In Louisiana and Kentucky, what we saw was many hospitals reported that individuals went from being commercially insured through their employer to the employer saying, “We're out of the healthcare insurance coverage business, go get Medicaid.”
So for many of those hospitals, we saw a shift from commercially insured to Medicaid—well-covered to moderately covered, kind of the exact opposite of pretty much every other state that expanded.
Ohio, which was an early expander, underestimated its projected numbers for additional coverage. There have been some pressures on Medicaid rates for Ohio providers.
Getting back to downgrades, there have been a few in Ohio for various reasons—merger-and-acquisition strategies, diversification into healthcare-related businesses. ProMedica, going into post-acute care, was one of the multi-notch downgrades. They made a big play into post-acute with an expensive acquisition of ManorCare, one of the largest national skilled-nursing chains. That was a three-notch downgrade because of an M&A strategy. The system is still investment grade.
MH: In terms of these rollups with bigger institutions buying smaller, somewhat struggling facilities, what are you seeing in terms of debt that they may take on? Are you seeing the benefits that they say will come in terms of savings?
Goldstein: The jury is still out on long-term savings. Day 1 integration is key to making these deals work. We've seen mergers go very smoothly; we've seen mergers over the years that have been wobbly coming out, and some have been very difficult.
We have said quite clearly that size matters. When you have size, it provides shock absorbers for unexpected events. When you're diversified in terms of geographic coverage, service lines, diversified within one big city with various facilities or nationally across the country, you can absorb a market hit because you have others to compensate. When you're small, you're much more exposed.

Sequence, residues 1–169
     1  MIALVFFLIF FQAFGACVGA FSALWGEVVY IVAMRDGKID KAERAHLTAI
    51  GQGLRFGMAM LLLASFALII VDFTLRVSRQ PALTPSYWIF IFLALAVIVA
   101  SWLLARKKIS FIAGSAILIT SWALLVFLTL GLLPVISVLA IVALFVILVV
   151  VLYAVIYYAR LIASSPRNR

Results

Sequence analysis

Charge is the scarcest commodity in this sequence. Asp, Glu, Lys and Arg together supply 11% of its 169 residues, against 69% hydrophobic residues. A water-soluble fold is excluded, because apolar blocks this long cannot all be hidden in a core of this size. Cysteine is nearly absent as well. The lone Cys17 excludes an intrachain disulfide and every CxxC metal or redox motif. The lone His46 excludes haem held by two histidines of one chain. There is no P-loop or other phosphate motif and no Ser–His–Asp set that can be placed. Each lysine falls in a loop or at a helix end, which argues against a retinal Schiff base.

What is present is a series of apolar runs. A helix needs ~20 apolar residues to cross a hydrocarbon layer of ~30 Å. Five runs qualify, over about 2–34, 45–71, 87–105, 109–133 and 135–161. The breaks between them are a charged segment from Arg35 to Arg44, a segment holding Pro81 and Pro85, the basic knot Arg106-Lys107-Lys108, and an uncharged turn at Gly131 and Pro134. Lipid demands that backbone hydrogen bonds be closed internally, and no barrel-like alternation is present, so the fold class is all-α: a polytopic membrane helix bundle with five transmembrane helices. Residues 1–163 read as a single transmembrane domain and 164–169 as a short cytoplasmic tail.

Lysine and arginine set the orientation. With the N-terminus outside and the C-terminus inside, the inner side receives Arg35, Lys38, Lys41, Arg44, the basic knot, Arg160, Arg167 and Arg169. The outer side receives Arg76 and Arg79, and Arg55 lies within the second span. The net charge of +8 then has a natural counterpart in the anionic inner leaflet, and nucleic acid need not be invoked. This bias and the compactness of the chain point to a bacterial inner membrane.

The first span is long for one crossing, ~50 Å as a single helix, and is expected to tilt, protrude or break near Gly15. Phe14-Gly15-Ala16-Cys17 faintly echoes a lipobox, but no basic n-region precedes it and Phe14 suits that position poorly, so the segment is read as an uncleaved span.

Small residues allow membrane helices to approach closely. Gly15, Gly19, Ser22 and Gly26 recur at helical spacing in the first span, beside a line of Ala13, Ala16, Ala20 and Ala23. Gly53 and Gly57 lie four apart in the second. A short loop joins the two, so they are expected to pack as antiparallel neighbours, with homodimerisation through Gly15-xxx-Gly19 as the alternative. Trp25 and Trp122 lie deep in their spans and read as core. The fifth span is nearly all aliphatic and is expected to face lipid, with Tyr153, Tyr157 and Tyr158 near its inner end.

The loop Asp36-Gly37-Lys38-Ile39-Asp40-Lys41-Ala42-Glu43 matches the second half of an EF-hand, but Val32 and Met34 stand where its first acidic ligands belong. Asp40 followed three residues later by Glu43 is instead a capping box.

MH: There seems to be more pressure from state attorneys general looking at health systems. You have the lawsuit from California's AG against Sutter Health, for instance. Does that dynamic ever enter into your reviews?
Goldstein: Yes, though it's not new. I've been covering not-for-profit healthcare as an analyst for almost 30 years. These not-for-profits are profitable for the most part; they don't have endowments like a university, but they have liquidity.
From the municipalities' perspective, they provide fire and sewer and public safety, so why aren't these organizations paying some type of PILOT—which is payment in lieu of taxes.
Five or six years ago Morristown, N.J., was successful in its lawsuit contending that Morristown Medical Center should pay a PILOT. So we said, “OK, who's going to be next?”
It's come up over the years, but there has not been a widespread, “That's it, all not-for-profits fork over a PILOT.”
What's surprising to me as an analyst is you don't see a lot of other AGs or municipalities put the same pressure on not-for-profit colleges and universities. Most are not-for-profits with large endowments.